Postal Service Mail Carrier Career

Job Description: Sort and deliver mail for the United States Postal Service (USPS). Deliver mail on established route by vehicle or on foot. Includes postal service mail carriers employed by USPS contractors.


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Postal Service Mail Carrier Career

What Postal Service Mail Carriers do:

  • Hold mail for customers who are away from delivery locations.
  • Leave notices telling patrons where to collect mail that could not be delivered.
  • Report any unusual circumstances concerning mail delivery, including the condition of street letter boxes.
  • Scan labels on letters or parcels to confirm receipt.
  • Provide customers with change of address cards and other forms.
  • Sign for cash-on-delivery and registered mail before leaving the post office.
  • Return to the post office with mail collected from homes, businesses, and public mailboxes.
  • Deliver mail to residences and business establishments along specified routes by walking or driving, using a combination of satchels, carts, cars, and small trucks.
  • Obtain signed receipts for registered, certified, and insured mail, collect associated charges, and complete any necessary paperwork.
  • Answer customers' questions about postal services and regulations.
  • Sort mail for delivery, arranging it in delivery sequence.
  • Return incorrectly addressed mail to senders.
  • Turn in money and receipts collected along mail routes.
  • Record address changes and redirect mail for those addresses.
  • Bundle mail in preparation for delivery or transportation to relay boxes.
  • Meet schedules for the collection and return of mail.
  • Maintain accurate records of deliveries.
  • Travel to post offices to pick up the mail for routes or pick up mail from postal relay boxes.
  • Complete forms that notify publishers of address changes.
  • Register, certify, and insure parcels and letters.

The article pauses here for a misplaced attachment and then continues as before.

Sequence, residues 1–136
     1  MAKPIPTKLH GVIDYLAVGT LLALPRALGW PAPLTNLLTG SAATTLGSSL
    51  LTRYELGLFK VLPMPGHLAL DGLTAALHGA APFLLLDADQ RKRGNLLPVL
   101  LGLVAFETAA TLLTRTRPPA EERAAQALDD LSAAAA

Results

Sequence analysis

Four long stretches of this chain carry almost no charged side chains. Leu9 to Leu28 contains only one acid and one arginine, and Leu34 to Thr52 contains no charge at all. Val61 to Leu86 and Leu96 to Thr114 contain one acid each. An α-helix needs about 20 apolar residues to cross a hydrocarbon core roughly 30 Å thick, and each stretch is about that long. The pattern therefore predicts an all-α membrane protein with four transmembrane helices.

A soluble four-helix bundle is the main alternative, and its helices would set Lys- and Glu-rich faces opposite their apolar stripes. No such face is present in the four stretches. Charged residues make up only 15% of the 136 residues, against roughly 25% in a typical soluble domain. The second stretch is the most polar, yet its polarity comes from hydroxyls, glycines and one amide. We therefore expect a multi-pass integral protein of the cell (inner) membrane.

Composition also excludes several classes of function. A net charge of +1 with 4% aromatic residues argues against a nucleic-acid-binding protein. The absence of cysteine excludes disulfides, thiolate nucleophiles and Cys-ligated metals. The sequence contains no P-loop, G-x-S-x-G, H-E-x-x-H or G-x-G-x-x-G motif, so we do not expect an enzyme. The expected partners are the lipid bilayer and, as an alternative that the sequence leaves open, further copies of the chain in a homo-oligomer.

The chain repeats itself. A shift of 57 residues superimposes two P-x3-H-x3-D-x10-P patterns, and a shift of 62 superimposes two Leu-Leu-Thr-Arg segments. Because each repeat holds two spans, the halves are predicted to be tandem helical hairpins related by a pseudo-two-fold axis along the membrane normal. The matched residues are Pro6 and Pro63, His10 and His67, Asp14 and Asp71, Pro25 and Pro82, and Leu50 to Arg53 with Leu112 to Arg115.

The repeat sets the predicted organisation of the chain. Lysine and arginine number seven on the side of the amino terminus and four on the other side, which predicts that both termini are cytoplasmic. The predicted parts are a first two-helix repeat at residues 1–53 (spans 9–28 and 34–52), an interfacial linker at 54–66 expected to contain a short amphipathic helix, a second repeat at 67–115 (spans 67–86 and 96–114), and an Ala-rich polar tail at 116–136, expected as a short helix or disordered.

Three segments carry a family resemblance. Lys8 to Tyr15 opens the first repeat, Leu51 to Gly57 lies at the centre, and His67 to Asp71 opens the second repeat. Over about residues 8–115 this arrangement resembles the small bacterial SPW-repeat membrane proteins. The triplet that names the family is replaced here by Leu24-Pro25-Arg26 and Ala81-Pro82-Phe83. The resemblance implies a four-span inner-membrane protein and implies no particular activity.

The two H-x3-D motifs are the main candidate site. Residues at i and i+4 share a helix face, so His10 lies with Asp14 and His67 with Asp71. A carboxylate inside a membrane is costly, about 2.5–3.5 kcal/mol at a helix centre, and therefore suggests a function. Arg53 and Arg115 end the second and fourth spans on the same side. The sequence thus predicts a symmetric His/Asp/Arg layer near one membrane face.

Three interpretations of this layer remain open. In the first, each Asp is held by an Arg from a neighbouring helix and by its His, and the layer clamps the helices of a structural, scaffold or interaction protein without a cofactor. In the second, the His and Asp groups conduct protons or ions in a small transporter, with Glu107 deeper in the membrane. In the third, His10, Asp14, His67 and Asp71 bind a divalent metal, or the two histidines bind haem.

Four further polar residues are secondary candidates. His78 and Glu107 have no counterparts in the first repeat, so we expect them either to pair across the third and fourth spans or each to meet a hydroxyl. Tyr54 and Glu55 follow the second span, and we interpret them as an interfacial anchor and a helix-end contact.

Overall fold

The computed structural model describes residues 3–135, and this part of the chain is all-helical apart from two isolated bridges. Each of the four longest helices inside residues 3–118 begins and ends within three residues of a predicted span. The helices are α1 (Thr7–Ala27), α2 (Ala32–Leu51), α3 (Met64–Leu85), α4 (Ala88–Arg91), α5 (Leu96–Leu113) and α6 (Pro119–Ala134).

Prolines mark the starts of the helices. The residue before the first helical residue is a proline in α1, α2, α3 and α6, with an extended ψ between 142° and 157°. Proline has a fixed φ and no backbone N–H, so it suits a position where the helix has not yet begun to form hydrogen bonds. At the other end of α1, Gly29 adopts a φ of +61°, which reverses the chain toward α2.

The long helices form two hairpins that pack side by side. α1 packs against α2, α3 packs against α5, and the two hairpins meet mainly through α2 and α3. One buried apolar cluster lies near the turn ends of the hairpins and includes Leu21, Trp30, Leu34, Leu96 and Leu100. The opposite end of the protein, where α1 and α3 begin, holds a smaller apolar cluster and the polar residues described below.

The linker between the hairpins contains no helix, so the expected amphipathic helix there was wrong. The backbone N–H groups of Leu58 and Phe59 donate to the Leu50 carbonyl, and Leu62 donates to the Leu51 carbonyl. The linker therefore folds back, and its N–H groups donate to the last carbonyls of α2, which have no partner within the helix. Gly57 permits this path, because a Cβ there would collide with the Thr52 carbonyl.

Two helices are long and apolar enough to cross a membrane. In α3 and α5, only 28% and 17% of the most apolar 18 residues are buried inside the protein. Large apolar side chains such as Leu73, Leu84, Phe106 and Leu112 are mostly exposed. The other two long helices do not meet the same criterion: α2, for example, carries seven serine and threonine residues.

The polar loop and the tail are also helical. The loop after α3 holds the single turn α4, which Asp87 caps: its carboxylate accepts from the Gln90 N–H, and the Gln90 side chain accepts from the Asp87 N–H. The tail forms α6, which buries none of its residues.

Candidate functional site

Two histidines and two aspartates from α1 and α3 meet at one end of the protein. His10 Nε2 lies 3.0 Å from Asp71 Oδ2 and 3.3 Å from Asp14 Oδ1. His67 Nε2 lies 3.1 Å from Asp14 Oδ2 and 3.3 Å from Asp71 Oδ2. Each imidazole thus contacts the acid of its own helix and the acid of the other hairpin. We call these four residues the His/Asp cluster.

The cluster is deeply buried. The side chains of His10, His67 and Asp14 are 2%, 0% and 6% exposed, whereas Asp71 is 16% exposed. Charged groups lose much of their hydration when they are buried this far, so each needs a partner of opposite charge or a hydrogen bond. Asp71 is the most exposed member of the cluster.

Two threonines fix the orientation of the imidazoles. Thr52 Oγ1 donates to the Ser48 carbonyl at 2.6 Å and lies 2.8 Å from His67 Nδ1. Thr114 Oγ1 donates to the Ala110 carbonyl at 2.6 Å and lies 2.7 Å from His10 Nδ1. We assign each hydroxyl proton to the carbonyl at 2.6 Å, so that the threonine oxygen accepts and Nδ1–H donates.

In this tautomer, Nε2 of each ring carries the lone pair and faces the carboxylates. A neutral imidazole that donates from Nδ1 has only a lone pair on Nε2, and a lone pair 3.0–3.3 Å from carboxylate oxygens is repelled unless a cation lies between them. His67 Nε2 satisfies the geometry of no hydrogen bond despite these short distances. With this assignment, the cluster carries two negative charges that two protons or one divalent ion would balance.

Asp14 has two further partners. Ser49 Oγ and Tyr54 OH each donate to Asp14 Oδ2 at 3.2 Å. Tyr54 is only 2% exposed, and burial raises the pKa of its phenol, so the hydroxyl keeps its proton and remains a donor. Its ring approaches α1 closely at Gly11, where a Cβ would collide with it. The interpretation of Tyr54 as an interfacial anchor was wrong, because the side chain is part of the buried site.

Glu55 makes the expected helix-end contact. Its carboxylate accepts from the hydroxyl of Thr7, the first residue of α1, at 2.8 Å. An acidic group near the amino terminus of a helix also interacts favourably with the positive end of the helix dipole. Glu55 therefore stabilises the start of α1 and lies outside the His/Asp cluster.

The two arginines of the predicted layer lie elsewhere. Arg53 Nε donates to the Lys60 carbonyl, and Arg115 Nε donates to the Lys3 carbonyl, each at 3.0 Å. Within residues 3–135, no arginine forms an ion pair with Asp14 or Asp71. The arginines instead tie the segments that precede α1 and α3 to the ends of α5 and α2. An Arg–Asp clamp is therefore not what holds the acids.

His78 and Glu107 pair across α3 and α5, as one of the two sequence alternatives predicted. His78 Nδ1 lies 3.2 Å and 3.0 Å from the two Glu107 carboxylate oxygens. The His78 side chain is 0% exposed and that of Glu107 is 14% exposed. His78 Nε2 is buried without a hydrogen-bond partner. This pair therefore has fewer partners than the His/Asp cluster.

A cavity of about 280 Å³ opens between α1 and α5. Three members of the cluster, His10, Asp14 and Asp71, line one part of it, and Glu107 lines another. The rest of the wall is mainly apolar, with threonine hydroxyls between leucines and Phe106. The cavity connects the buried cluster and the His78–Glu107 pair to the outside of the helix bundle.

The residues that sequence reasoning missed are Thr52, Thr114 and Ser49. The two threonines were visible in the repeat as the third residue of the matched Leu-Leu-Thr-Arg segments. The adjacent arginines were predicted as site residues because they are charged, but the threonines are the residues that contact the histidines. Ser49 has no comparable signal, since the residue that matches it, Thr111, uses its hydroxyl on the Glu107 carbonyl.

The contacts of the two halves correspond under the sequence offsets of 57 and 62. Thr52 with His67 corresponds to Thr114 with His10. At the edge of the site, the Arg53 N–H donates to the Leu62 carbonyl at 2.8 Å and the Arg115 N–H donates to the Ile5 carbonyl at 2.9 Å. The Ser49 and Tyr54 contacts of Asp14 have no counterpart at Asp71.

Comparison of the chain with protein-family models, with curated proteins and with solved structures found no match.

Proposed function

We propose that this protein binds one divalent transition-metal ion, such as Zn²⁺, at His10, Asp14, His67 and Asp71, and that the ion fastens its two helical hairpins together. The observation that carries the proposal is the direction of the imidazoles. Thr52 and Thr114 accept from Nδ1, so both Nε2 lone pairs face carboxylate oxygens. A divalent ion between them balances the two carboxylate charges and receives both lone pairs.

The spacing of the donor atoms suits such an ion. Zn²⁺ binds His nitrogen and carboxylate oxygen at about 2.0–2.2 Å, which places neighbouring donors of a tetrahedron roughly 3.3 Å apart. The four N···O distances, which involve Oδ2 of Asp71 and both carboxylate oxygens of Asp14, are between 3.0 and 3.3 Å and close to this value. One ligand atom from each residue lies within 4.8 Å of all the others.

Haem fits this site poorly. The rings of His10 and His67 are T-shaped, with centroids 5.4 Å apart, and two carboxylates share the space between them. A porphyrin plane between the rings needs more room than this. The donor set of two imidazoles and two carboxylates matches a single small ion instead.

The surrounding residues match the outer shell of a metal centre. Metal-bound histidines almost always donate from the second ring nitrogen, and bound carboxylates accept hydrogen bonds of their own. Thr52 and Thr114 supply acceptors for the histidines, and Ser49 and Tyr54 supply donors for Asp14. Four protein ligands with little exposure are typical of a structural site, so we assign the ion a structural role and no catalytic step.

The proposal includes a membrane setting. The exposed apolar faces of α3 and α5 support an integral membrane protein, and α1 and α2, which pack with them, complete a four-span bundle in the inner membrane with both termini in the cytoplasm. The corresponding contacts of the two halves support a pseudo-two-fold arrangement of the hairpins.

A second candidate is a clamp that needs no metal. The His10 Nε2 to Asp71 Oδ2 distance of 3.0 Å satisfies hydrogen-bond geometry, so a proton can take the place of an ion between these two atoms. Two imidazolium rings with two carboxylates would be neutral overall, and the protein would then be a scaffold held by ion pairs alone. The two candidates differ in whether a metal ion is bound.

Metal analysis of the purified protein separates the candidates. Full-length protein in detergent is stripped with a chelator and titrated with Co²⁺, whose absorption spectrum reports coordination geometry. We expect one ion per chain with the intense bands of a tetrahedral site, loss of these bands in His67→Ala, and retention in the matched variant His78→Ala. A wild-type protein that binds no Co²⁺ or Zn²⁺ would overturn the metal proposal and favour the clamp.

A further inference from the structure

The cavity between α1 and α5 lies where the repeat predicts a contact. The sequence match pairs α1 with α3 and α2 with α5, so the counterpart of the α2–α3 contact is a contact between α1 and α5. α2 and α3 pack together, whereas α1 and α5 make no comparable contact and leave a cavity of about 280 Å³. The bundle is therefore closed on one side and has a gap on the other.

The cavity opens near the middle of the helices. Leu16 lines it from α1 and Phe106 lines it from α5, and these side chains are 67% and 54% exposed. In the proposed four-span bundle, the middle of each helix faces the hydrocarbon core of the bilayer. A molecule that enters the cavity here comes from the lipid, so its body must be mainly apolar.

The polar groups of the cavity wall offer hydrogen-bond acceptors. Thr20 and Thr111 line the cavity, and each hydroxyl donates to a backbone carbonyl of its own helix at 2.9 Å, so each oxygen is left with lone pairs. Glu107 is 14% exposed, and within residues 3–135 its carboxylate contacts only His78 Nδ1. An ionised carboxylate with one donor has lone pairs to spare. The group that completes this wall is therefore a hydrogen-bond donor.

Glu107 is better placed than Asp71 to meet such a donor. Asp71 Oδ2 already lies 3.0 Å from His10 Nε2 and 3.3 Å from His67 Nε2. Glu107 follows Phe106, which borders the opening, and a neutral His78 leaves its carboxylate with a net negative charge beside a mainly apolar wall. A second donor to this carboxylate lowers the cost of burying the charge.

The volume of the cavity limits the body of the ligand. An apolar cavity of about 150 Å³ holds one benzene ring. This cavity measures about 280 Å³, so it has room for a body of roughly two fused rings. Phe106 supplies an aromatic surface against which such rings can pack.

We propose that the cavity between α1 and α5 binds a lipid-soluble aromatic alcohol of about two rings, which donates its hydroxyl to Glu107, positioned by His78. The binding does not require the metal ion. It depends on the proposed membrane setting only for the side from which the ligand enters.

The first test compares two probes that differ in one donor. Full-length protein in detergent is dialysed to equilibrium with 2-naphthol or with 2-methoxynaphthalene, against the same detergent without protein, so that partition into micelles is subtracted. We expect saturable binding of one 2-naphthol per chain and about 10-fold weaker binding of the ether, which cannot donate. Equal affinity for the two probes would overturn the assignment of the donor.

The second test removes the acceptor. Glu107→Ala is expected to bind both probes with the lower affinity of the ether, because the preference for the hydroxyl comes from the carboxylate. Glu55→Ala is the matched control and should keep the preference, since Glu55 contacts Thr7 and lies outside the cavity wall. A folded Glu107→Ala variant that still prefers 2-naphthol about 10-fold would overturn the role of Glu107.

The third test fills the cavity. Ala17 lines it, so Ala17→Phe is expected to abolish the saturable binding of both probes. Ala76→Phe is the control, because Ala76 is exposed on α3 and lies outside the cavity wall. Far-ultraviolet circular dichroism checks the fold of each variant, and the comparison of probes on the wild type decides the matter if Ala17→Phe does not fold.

• Sell stamps and money orders.
  • Enter change of address orders into computers that process forwarding address stickers.

What work activities are most important?

Importance Activities

Operating Vehicles, Mechanized Devices, or Equipment - Running, maneuvering, navigating, or driving vehicles or mechanized equipment, such as forklifts, passenger vehicles, aircraft, or water craft.

Performing General Physical Activities - Performing physical activities that require considerable use of your arms and legs and moving your whole body, such as climbing, lifting, balancing, walking, stooping, and handling of materials.

Handling and Moving Objects - Using hands and arms in handling, installing, positioning, and moving materials, and manipulating things.

Getting Information - Observing, receiving, and otherwise obtaining information from all relevant sources.

Performing for or Working Directly with the Public - Performing for people or dealing directly with the public. This includes serving customers in restaurants and stores, and receiving clients or guests.

Communicating with Persons Outside Organization - Communicating with people outside the organization, representing the organization to customers, the public, government, and other external sources. This information can be exchanged in person, in writing, or by telephone or e-mail.

Establishing and Maintaining Interpersonal Relationships - Developing constructive and cooperative working relationships with others, and maintaining them over time.

Communicating with Supervisors, Peers, or Subordinates - Providing information to supervisors, co-workers, and subordinates by telephone, in written form, e-mail, or in person.

Identifying Objects, Actions, and Events - Identifying information by categorizing, estimating, recognizing differences or similarities, and detecting changes in circumstances or events.

Monitor Processes, Materials, or Surroundings - Monitoring and reviewing information from materials, events, or the environment, to detect or assess problems.

Documenting/Recording Information - Entering, transcribing, recording, storing, or maintaining information in written or electronic/magnetic form.

Making Decisions and Solving Problems - Analyzing information and evaluating results to choose the best solution and solve problems.

Organizing, Planning, and Prioritizing Work - Developing specific goals and plans to prioritize, organize, and accomplish your work.

Updating and Using Relevant Knowledge - Keeping up-to-date technically and applying new knowledge to your job.

Processing Information - Compiling, coding, categorizing, calculating, tabulating, auditing, or verifying information or data.

Holland Code Chart for a Postal Service Mail Carrier